Making your business sustainable
Becoming a sustainable business doesn’t happen overnight. It also doesn’t mean overhauling absolutely everything about your company. Improving sustainability in business can be done through smaller changes that alter the processes but not the character of your business.
Know your carbon footprint
The first step towards sustainability in business is knowing your carbon footprint. You need to find out which areas are creating the most waste before you can decide what to change.
There are lots of places where you can get a free carbon footprint calculation. You just need a few pieces of information, like your average fuel consumption and energy use, and they do the rest. Carbon Trust’s footprint calculator is specifically designed for small and medium-sized businesses in the UK, and follows GHG guidelines.
Use sustainable products
If your business has a physical office, chances are you’re spending a significant amount on upkeep. For example, you may find yourself regularly replenishing cleaning supplies to keep your office looking professional. If that’s the case, you should consider minimising any negative impact you might be having on the environment. There’s a wide range of cleaning products available that don’t include toxic chemicals, using natural ingredients instead.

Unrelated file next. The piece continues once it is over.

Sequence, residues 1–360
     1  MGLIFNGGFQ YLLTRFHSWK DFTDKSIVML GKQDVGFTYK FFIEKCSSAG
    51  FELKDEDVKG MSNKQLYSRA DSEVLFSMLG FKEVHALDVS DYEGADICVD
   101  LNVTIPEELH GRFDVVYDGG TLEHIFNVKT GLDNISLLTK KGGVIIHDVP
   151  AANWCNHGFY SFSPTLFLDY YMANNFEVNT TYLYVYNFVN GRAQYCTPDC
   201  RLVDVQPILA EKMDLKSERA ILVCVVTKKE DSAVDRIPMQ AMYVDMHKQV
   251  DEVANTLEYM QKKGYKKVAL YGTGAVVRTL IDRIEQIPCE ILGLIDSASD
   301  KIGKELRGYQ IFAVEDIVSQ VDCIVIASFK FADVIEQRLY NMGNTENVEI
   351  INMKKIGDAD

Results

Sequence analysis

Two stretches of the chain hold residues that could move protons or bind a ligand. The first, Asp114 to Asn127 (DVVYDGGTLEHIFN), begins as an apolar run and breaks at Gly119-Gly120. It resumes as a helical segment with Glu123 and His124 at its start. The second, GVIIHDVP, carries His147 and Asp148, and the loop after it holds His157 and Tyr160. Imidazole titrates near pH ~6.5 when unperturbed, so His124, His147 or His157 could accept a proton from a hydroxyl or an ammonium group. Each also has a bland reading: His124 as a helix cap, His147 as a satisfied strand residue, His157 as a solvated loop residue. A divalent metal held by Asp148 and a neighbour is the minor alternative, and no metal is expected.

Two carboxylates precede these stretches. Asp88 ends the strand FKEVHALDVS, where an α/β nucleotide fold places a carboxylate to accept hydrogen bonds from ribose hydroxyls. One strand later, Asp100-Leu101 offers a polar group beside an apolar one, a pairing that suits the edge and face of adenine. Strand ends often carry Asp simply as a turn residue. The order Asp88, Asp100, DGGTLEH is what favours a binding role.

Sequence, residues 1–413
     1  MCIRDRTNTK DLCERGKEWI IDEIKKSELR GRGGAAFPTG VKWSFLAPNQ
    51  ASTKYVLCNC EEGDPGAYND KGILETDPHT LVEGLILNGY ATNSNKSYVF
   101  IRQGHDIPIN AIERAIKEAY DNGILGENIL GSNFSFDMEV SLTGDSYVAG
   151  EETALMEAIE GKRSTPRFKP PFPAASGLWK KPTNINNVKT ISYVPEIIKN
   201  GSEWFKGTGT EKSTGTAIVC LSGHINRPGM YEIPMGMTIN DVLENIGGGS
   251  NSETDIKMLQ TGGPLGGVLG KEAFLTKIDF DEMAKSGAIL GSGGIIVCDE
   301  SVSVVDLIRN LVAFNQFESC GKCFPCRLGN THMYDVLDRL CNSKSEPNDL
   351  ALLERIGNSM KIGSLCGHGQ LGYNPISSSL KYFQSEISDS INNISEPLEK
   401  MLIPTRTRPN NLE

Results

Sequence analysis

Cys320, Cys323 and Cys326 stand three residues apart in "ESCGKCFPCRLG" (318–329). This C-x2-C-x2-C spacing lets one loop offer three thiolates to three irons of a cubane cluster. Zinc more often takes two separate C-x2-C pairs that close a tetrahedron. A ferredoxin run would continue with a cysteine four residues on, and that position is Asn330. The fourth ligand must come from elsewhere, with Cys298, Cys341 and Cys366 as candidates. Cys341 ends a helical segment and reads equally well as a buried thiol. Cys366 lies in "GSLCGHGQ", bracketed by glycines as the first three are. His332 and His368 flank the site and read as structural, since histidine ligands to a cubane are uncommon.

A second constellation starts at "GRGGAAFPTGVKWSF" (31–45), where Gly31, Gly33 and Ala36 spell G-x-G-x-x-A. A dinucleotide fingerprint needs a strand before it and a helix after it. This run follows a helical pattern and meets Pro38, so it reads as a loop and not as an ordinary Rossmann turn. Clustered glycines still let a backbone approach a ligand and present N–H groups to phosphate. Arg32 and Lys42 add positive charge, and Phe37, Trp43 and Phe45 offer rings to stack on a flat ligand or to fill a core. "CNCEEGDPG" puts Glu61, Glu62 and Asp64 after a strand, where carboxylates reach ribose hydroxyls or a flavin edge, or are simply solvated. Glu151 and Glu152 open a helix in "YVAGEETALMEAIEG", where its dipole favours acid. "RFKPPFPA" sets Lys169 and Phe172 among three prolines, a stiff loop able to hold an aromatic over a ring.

Disposable items like paper and takeaway containers can also pile up in an office. Wherever possible, try to source paper made from recycled waste, to avoid adding to overall waste production. Takeaway containers are commonly made of plastic or even styrofoam, so it’s best to avoid them or find restaurants with more sustainable packaging.
When possible, try to reuse things. Replacing disposable plates and cups with longer-lasting equivalents means you can use them again and again. When you’re printing something out, always use both sides of the paper. Reuse packaging if it’s still intact.
Looking for a new office chair or some new shelves for your products? Before you head to IKEA, take a look at what people are selling used.
Brand-new furniture costs a lot of energy and raw materials to make. Businesses looking to be sustainable can find their furniture in second-hand or charity shops instead, so that these older pieces aren’t thrown away. It’s also a good idea to check consumer marketplaces like eBay or Gumtree to see what people are getting rid of.
Use less energy
Keeping the lights on, having your computer running, using air conditioning, and even how often you use your toilet all contribute to the energy you’re consuming. Most of these things are necessary to the daily operation of a business, but you can mitigate their impact.
The key to making your energy use as efficient as possible is greener technology. If you own a shop, you need lights on to let customers know you’re open, but you can replace more wasteful bulbs with LED lights. You can install smart thermostats so you’re using the minimum amount of energy possible maintaining the temperature in your space.